More Than Just a Ride

On my recent trip to New Jersey, I decided to finally embrace another facet of twenty-first-century technology by ordering an Uber to get to and from the airport. I am happy to report that, despite my anxieties and fears, I did not end up buried in a landfill or swimming with the fish. Both drivers were professional, personable, and polite. It was my second driver, however, who impressed me the most.

When I glanced at the Uber App on my phone, I noticed that I was able to review his profile. I noticed Carlos was from the Dominican Republic, so I asked him if he had a story. He enthusiastically told me the tale of meeting his American wife while she was on vacation in his homeland. They danced the nights away, and she made many return visits to the island.

Five years ago he moved to America and married her, and now with his green card in hand, he is working as an Uber driver and studying to become a citizen. He proudly told me that he is enrolling in the local community college to study criminal justice with the plan of one day becoming a police officer. He hopes that, as a citizen, his mother will be able to join him here.

Although he did not speak English when he moved here, I was impressed by his command of the language now. I thought about all the people on the western end of the island of Hispaniola, where the Dominican Republic is located—the “shithole” country of Haiti as our president calls it—and wondered what he thought of his adopted country.

I told him how impressed I was with what he is doing with his life and said I hoped he was not discouraged by all the negativity towards immigrants of late. I thought of the talk of limiting “chain migration”—the program whereby immigrants already residing here can bring their family members to live in this country with them. (Incidentally, the correct term is “family unification”)

Carlos sadly told me how much he misses his mama. Will she be able to someday move here?

As I listened to Carlos describe his hopes and dreams, I felt an increasing sense of worry for him. When I made the decision to dip my toe into the world of Uber travel, it never occurred to me how much more than a ride it would be. I wonder who I will meet next.

                                  UBER

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Jersey Bound

One hundred and two years ago this week, my Russian grandma was at a train station in Libau, Latvia, a small port city on the Baltic Sea. She was waiting to board a passenger/cargo steamship with her brother-in-law Mark to join my grandfather in New York. They had not seen each other for many years.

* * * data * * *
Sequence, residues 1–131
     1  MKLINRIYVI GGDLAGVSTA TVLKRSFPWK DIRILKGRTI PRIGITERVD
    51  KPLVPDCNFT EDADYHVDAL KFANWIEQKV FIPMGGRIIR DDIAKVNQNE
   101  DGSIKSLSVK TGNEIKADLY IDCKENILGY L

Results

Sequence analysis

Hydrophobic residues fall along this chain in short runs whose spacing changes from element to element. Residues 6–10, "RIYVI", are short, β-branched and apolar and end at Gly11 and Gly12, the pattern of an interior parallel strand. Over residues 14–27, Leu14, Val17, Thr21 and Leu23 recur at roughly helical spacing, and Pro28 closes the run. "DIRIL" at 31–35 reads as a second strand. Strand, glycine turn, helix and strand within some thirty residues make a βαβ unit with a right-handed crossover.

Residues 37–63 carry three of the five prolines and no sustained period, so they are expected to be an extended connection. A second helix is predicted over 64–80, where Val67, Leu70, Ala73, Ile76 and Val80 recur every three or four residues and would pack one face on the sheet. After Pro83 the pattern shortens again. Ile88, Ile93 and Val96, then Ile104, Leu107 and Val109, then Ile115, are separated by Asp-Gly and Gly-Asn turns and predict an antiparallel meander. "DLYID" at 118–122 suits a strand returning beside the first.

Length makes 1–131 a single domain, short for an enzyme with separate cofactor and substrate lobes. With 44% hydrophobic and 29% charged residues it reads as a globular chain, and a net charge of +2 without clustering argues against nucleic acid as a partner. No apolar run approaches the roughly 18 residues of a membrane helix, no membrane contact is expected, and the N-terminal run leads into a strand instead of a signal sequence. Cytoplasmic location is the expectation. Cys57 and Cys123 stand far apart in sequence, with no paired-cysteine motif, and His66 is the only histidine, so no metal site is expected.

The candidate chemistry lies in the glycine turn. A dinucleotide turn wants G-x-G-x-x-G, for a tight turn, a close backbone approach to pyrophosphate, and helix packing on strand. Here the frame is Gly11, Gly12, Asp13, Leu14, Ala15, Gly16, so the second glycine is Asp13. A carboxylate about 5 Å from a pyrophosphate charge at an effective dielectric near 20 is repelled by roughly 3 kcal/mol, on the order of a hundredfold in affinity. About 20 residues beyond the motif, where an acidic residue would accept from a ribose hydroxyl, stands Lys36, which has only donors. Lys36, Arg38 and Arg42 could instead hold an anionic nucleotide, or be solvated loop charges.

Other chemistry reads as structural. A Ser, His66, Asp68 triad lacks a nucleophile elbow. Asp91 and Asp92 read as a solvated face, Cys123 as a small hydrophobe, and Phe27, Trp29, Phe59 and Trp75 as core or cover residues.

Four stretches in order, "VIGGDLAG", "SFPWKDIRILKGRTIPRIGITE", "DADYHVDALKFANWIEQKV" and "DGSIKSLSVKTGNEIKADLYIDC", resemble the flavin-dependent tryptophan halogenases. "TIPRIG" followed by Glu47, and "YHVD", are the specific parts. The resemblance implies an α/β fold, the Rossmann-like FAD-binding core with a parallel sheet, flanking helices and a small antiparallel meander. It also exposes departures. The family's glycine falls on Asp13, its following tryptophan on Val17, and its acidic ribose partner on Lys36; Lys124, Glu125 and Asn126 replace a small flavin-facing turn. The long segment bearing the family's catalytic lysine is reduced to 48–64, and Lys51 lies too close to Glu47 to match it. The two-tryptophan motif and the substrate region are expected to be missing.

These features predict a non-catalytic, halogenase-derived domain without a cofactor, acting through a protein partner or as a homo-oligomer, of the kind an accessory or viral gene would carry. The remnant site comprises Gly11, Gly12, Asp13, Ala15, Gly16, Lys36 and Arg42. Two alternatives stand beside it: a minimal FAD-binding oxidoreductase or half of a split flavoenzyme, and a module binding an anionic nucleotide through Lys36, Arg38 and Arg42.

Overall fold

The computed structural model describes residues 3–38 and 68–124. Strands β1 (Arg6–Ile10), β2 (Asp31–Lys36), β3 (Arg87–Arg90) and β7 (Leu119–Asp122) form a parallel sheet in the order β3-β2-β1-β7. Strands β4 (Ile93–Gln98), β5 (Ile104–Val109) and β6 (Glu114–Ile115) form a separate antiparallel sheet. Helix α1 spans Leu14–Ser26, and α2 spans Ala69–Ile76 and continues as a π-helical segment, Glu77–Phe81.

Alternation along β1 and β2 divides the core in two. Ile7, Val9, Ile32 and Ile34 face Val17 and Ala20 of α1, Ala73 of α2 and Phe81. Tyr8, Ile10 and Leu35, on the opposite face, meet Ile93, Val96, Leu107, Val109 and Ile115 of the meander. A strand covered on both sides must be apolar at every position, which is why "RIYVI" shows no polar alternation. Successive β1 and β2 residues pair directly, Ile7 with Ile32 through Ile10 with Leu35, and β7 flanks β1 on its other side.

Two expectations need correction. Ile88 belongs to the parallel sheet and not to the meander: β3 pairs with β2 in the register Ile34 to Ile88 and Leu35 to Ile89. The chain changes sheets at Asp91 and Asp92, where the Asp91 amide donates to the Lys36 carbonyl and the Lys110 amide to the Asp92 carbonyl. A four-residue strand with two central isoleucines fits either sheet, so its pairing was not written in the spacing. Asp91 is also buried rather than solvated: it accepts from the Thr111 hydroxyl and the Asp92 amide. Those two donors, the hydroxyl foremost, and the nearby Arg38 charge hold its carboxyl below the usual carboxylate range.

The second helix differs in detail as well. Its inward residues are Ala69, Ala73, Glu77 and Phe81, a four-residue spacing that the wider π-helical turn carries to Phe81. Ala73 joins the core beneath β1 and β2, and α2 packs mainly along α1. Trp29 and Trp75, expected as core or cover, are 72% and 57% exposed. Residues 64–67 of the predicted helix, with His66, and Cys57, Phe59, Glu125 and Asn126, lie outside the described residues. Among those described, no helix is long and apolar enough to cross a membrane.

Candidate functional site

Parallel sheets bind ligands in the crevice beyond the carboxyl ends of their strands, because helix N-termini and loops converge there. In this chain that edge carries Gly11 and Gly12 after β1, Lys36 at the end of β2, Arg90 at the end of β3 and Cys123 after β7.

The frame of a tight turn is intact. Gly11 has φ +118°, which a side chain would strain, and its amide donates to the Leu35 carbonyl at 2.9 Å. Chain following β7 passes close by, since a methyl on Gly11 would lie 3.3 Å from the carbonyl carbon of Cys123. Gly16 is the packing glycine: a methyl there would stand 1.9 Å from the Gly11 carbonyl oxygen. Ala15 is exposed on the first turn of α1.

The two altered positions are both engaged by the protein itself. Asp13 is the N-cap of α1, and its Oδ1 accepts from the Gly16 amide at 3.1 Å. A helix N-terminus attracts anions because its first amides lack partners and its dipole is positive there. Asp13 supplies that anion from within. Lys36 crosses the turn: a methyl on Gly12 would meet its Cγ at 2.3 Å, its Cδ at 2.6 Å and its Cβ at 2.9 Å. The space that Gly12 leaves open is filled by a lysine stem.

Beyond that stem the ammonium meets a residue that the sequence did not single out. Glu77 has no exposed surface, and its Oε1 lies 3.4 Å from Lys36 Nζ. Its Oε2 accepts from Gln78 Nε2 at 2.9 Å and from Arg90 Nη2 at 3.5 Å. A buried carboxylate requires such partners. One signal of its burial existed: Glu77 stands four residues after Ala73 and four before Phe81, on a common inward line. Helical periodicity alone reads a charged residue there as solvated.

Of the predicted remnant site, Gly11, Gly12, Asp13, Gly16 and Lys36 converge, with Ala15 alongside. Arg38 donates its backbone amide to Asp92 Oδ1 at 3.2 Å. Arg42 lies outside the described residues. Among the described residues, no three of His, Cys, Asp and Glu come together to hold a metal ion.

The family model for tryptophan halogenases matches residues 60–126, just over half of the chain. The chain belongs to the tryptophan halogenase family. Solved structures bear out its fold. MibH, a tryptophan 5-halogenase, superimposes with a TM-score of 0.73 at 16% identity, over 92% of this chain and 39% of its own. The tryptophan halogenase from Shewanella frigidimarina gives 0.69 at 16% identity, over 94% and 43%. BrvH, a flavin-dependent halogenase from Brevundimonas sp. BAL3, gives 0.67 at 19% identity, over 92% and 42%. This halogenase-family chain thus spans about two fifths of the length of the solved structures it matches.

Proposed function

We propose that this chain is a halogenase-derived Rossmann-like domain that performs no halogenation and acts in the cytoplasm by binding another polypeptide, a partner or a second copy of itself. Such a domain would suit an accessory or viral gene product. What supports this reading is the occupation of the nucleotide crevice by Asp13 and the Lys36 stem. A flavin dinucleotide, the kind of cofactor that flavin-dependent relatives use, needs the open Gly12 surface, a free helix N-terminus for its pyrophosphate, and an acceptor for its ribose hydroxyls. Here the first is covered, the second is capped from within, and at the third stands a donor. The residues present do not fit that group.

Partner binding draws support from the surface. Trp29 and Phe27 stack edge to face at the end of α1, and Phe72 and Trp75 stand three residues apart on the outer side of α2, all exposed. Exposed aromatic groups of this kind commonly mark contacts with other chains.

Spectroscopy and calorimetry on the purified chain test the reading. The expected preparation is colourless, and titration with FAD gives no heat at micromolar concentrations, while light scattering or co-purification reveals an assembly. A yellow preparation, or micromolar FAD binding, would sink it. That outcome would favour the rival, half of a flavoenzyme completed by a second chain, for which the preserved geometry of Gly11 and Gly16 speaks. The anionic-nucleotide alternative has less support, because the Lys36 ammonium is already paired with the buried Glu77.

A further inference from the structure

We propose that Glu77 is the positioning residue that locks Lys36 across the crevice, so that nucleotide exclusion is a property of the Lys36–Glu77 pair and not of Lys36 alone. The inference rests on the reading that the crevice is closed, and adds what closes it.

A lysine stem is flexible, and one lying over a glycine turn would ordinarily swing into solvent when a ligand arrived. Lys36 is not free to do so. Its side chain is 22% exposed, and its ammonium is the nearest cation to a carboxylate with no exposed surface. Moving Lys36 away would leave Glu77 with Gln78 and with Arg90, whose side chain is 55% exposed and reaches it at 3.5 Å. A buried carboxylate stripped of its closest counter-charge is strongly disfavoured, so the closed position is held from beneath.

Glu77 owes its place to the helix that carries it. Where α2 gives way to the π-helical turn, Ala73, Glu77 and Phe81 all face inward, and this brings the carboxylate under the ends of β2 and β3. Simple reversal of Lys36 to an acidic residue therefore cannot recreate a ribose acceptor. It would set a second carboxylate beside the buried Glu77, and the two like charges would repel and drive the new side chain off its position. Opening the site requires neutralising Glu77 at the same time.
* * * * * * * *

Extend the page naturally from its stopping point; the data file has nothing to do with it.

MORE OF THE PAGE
Travel during that time was unpleasant. My grandmother, who we all called Baba, and great Uncle Mark, stayed in separate quarters between the lower deck and cargo area. The beds were narrow and dirty, and there was little air, hear, or light in that part of the ship. Seasickness was a common result of the rough seas and awful food.

We have all experienced seasickness on luxury cruises, so can you imagine what this must have been like for them? My grandmother was only twenty-seven when she left, and Grandpa’s uncle was a year older. I have a very hard time wrapping my head around what they did at such young ages. They couldn’t pick up a phone to “check in” with their parents or send them a quick text to let them know they were safe. There was no communication.

At that time of the year, the weather was raw and windy, since they were traveling along a northerly route . They stopped first in Copenhagen, Denmark, then Halifax, Nova Scotia before finally disembarking in New York on November 25, 1913, two weeks after first setting sail.

Their ship docked in New York Harbor where the first and second class passenger disembarked after a very brief medical inspection. Steerage passengers, which was what third-class passengers were called, boarded a ferry to Ellis Island. You all went there in fifth grade, so now you know that your great grandmother came through that building.

On Ellis Island, they waited for many hours for a brief medical exam and then some inspectors asked them a series of questions such as their nationality, previous addresses, the name of the closest relative “in the country whence the alien came”, and whether they had a final destination, sponsor, and enough money for their travel.

They had twenty-five dollars between the two of them, which turns out was not such a small amount back then. It is roughly equivalent to six hundred dollars today. The tickets and money were sent to them by my grandfather, who had been in this country since July, after traveling there from Argentina where he had been working for many years on a farm.

My grandfather met them at Ellis Island after all the inspections were complete. They took another ferry across the harbor to a train into New York City where they stayed a short time.

By the time my grandparents were reunited, my grandfather had a job in Dover, New Jersey working in a company called the “Ulster Iron Works. They lived in nearby Rockaway, renting a place for four years before moving into their own home.

So that is how the Russian side of our family ended up in northern New Jersey.

My Russian Grandpa

My Russian Grandpa

My Grandmother- Baba

My Grandmother- Baba